The past will come alive in Newcastle, Del., Saturday


May 15, 1994|By Dorothy Fleetwood | Dorothy Fleetwood,Contributing Writer

Once Delaware's Colonial capital, Newcastle is a town that has been barely touched by time. The old courthouse bears witness to centuries of history. The flags of five nations (the Netherlands, Sweden, Great Britain and the United States) fly from the courthouse balcony, denoting the five changes in sovereignty during the town's early years. Children still play on the open green, and visitors hear church bells ring out the hour as they walk the cobbled streets.

Enjoy "A Day in Old New Castle" Saturday; it's the one time of the year when private homes and gardens are open to the public. This is the 70th anniversary of the event, which is the oldest house and garden tour in the country.

More than 60 sites, including 17th-, 18th-, and 19th-century homes, gardens, churches and public buildings will be open, rain or shine, from 10 a.m. to 5 p.m. A town crier will announce the day's program, which includes weaving and candle-making demonstrations, bell ringers, carriage rides and chamber-music concerts. Food includes everything from box lunches to high tea and a gourmet buffet. You may even discover a secret garden where lemonade and cookies are served. Admission is $10. Newcastle is three miles south of the Delaware Memorial Bridge (Interstate 295) on Route 9. Free parking and shuttle service are available at the First Baptist Church. Call (302) 328-2413.

Crafts show

Nearby, at the Stanton campus of the Delaware Technical & Community College in Newark, you can attend the Masters of American Craftsmanship Show, a two-day showcase for traditional crafts. About 100 crafts people from 20 states will sell everything from folk art to handcrafted furniture and accessories for the home. Hours are 10 a.m. to 5 p.m. Saturday and next Sunday. Admission is $6, and proceeds will benefit the Historical Society of Delaware. The college is at 400 Stanton-Christiana Road (Exit 4B from Interstate 95). Call (302) 655-7161.

Woodlawn festival

The biggest event of the year at Woodlawn Plantation in Alexandria, Va., is the annual Heritage Festival Saturday from 9 a.m. to 4 p.m. The mansion, built for George and Martha Washington's granddaughter, Nellie Custis Lewis, is the setting

for 18th- and 19th-century food, crafts, music and dancing. Antiques dealers and juried crafts people will set up shop on the grounds, and there will be demonstrations of open-hearth cooking, weaving, carving and other period crafts. Children can learn games of the era, and 18th- and 19th-century dance instruction will take place on the Green.

The festival runs from 9 a.m. to 4 p.m. Rain date is May 22. Admission is $4 for adults; $2 for seniors and students; free for under 5. Woodlawn is at the intersection of U.S. 1 and Virginia Route 235 in Alexandria. Call (703) 780-4000.

Virginia gardens

A two-day tour of gardens in and around Middleburg, Va., will take place Saturday and next Sunday from 11 a.m. to 5 p.m. The six-garden tour offers a look at cottage gardens in Middleburg, where more than 160 buildings are listed on the National Register of Historic Places and the Virginia Landmarks Register, and then travels to estate gardens in Virginia's Hunt Country.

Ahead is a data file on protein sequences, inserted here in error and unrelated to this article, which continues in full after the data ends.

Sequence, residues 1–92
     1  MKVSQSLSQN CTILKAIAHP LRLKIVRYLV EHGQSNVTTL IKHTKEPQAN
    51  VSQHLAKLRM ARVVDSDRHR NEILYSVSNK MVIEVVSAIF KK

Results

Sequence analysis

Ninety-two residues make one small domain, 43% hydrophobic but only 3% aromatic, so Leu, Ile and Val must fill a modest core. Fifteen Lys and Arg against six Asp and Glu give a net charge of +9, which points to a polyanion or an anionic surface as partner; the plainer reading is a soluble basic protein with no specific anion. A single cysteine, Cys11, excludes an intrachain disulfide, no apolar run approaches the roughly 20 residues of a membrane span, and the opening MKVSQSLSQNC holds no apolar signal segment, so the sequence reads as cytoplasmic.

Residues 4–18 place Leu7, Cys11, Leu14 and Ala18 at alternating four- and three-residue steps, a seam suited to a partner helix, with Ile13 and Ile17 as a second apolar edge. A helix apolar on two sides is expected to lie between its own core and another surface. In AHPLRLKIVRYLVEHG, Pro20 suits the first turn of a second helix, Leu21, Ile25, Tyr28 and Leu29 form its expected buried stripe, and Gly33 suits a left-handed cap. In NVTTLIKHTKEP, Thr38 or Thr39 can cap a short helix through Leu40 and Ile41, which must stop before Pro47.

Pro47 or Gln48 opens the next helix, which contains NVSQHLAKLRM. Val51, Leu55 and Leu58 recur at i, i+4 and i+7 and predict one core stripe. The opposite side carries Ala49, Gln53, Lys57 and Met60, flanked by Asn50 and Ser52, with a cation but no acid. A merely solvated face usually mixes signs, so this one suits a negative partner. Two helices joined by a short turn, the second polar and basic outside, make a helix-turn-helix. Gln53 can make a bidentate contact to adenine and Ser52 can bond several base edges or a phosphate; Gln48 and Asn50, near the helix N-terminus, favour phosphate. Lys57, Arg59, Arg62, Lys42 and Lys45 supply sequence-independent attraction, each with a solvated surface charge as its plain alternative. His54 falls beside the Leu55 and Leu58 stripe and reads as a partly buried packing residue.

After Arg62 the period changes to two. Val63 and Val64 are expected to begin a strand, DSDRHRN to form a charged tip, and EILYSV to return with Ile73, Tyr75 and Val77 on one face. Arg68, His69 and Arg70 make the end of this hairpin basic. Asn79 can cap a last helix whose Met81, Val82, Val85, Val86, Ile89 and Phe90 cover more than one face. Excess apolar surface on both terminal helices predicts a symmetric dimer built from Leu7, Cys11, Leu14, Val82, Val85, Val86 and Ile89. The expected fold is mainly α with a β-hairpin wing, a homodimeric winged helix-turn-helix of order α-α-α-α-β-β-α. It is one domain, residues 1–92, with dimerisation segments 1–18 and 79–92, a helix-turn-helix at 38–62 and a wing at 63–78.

Participants will see a walled garden on the estate of the late Bettina Belmont Ward of Belmont Stakes racing fame; Willow Oaks, the estate of Ambassador to France Pamela Harriman; and Cold Crick Farm, a peaceful setting where native and exotic plants grow. A free garden market will be held both days of the tour on the lawn of the Community Center, 300 W. Washington St., where you can attend informal seminars by gardening experts and find a large selection of plants and gardening accessories.

Tickets cost $10; free for children under 12. They are available on tour day at Middleburg Elementary School on North Madison Street (Route 626). Call (703) 787-9483.

Civil War revisited

The 19th Georgia Infantry will present a Civil War Encampment Saturday and next Sunday on the grounds of the Carroll County Farm Museum in Westminster. The camp will be open to the public from 10 a.m. to 9 p.m. Saturday and from 10 a.m. to 5 p.m. Sunday. Re-enactors will present drilling, firing and signal-corps demonstrations as well as a skirmish both days. The farmhouse will also be open to tour. Saturday's visitors can attend a tea in the flower garden and a cakewalk demonstration. That evening from 7 p.m. to 9 p.m., a Civil War dance will be held on the grounds. A show of period fashions is scheduled Sunday.

Admission is $3 for adults; $2 for children ages 12 to 18 and seniors; free for under 12. Call (410) 876-2667.

Fair Hill gathering

The stirring spectacle of massed pipes and drums can be seen Saturday at the 32nd annual Colonial Highland Gathering in Fair Hill, where a full day of Scottish fare is planned from 9 a.m. to 5 p.m.

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